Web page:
I’m not an International Trade Expert, or a Finance guru or an Economics erudite – but it just makes sense to have carbon tax on “all” flights! Period.
Why – is my first reaction. Why oppose the ETS (Emissions Trading Scheme)? This is the Right Thing to do – regardless. Perhaps the only thing to be done to step up some serious carbon mitigation measures.
“India, China, the US, Russia, Brazil and another 21 nations have decided to retaliate against the EU decision to collect billions of dollars every year by unilaterally imposing a carbon tax on flights landing in Eurozone”, reported one media site.
The billion of dolars that EU will collect are the focal point – That is the wrong thing to measure. The thing to measure is the tonnes of carbon mitigated through this scheme. What we need to see is by how much will the price of the tickets go up for the consumers to pay and that is not by much to cry foul.
I think it’s a fair deal – since the certificate is free for the first year, airlines will have some time to figure out which direction to take. Airlines, if they are really socially responsible, can look at it this way:
That “extra” cost can be accounted for in the “Expenses” category. It will only remove that much revenue that will be required to obtain the certificate. Morever, those costs or part of those costs can be passed on to the consumer.
Now would consumers be willing to pay the extra fare – “carbon saved surchage” or whatever – I don’t know, but the right thing says – consumers and airlines must pay.
One of the bloggers at The Green Word says it succintly – “I have no illusions that the airlines will pay for it. And that is the point. You want the cost of a service to better reflect its actual impact. That means taking into consideration the environmental impact of burning huge amounts of fossil fuels.”
If nothing else, this will give them something to save their face in this intensive petro-chem industry. It becomes a moral imperative.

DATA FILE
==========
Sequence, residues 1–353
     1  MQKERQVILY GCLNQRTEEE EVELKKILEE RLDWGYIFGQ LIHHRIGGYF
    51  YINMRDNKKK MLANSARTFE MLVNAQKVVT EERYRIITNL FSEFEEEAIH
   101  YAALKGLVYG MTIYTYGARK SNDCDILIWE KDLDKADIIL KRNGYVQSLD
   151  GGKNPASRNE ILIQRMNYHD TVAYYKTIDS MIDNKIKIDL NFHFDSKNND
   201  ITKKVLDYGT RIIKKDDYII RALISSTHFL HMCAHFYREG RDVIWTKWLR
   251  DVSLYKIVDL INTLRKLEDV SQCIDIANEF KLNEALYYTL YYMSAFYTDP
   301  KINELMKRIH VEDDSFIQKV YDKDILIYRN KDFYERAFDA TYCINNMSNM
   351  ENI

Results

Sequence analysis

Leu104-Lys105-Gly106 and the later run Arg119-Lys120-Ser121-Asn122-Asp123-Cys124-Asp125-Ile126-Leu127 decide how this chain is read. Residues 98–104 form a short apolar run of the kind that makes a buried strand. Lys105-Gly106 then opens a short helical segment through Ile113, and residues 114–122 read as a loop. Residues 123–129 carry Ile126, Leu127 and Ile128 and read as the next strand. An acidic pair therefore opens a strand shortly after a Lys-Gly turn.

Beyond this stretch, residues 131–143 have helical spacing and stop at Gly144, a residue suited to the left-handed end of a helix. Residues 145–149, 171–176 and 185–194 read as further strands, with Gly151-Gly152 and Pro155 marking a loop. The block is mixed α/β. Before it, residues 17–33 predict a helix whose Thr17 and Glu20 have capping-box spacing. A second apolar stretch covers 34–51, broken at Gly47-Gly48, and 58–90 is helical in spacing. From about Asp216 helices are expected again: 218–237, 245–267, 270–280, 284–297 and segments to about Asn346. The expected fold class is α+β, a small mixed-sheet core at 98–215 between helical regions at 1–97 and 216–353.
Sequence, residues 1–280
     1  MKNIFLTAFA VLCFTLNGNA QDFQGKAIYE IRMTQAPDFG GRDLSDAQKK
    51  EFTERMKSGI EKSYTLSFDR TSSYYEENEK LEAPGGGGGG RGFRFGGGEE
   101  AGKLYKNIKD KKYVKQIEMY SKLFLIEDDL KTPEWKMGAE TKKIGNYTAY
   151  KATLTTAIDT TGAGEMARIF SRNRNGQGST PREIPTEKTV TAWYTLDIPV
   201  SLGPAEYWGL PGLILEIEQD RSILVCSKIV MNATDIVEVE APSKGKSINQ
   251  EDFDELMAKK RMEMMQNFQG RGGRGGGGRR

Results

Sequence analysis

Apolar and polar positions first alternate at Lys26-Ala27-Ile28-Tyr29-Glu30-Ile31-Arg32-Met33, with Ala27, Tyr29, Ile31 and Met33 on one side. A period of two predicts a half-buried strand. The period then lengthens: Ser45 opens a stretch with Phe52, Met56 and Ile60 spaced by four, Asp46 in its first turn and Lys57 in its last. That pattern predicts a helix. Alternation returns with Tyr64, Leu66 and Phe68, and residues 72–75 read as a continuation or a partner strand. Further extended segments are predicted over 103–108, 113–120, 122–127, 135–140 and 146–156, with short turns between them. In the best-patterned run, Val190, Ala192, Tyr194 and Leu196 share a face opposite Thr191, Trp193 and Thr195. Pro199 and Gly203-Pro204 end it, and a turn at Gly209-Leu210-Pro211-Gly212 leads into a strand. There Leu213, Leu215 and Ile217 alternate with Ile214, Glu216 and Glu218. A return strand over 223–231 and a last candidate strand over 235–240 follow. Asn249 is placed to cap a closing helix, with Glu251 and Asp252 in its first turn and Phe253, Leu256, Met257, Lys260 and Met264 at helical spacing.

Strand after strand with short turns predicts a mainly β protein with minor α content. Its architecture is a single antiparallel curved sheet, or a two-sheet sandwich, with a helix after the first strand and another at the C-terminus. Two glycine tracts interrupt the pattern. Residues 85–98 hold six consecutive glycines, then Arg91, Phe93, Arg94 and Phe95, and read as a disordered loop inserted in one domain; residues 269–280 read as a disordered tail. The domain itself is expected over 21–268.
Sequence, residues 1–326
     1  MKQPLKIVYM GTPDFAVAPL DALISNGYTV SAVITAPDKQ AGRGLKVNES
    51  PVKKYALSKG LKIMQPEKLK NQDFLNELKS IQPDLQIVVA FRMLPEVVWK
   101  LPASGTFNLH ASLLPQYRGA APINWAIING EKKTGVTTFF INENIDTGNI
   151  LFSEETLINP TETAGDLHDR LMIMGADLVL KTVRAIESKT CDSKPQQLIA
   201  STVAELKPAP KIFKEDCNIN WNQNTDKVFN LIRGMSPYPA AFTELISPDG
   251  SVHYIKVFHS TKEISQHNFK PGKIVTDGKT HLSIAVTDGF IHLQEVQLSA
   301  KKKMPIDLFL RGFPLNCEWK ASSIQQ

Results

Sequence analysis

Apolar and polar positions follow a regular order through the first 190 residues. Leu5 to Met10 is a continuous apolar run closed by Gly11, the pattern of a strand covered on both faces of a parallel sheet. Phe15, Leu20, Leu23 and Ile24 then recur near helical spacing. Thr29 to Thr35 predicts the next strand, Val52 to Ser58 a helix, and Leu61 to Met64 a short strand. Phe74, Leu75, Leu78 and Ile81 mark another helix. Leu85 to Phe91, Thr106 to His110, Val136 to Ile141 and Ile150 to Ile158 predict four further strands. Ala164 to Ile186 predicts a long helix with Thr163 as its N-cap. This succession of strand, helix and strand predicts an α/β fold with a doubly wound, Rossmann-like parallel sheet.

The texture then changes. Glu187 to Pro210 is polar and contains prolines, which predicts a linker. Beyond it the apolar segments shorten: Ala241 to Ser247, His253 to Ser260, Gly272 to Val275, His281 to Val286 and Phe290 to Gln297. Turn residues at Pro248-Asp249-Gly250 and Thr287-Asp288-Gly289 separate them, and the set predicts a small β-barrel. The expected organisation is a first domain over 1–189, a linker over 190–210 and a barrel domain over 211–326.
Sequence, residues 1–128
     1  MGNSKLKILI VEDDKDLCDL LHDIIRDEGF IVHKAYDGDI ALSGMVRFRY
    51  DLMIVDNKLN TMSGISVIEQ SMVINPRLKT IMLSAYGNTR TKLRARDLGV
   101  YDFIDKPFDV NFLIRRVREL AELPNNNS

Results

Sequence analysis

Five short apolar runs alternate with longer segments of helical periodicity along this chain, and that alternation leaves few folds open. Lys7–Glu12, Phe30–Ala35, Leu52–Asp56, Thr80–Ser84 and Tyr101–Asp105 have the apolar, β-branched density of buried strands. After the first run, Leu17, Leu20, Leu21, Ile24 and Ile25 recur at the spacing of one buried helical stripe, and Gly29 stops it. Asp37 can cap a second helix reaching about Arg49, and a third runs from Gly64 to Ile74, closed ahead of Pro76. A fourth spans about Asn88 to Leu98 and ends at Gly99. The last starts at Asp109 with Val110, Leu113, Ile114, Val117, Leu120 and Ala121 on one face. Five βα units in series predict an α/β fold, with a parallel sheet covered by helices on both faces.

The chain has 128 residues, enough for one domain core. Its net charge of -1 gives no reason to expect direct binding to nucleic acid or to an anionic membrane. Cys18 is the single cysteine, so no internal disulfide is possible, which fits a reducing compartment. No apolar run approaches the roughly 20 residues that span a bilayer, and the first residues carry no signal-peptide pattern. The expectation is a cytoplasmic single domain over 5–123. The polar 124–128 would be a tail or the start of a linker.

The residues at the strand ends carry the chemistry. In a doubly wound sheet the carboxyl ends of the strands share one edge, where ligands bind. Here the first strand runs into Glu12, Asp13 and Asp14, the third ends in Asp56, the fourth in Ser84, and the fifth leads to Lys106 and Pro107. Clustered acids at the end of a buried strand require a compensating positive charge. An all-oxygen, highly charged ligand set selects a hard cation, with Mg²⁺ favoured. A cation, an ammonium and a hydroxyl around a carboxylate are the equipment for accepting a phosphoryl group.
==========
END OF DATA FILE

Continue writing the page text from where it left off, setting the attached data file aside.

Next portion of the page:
Technology companies providing video conferencing devices are directly competing with airlines – they are touting their products as “more greener” than air travel – what’s the thought behind?
“The fallout could hit the domestic consumers hard since the number of European flights landing and flying from India could be reduced and the cost of tickets could increase exponentially.”
Isn’t that idea in the first place – reduce flight travel – and if this tool brings about the necessary changes – increased costs and increased tax, then so be it. Until now most of the airline companies have been allocating the costs externally – to some other place or for some future time – but that time in future is here to internalize those costs and causing manufacturers to deliver energy efficient planes and evaluate other forms of innovations in this sector.
Taken – Carbon tax will not solve the global warming problem overnight – but it’s a start – and a tough solid one at that.
Look at it this way- if EU is levying taxes on foreign airlines, then those foreign airlines can also levy carbon tax on EU airlines and all the possible combinaions of the countries. EU ETS will cause others to respond in like – All flights coming/going to/from these countries will have carbon tax - it gets balanced out and will become business as usual scenario with enviornmental costs embedded into the prices - which should be the case.
- EU Puts A Carbon Tax on Flights (The Green Word)
- India, Russia oppose EU carbon tax (thehindu.com)
- EU to persevere with airline carbon emissions tax (mysanantonio.com)
- Opponents to European Airline Emissions Law Prepare Their Countermeasures (nytimes.com)
- Sanctions threat to European airlines over emissions trading (guardian.co.uk)
- Future of Energy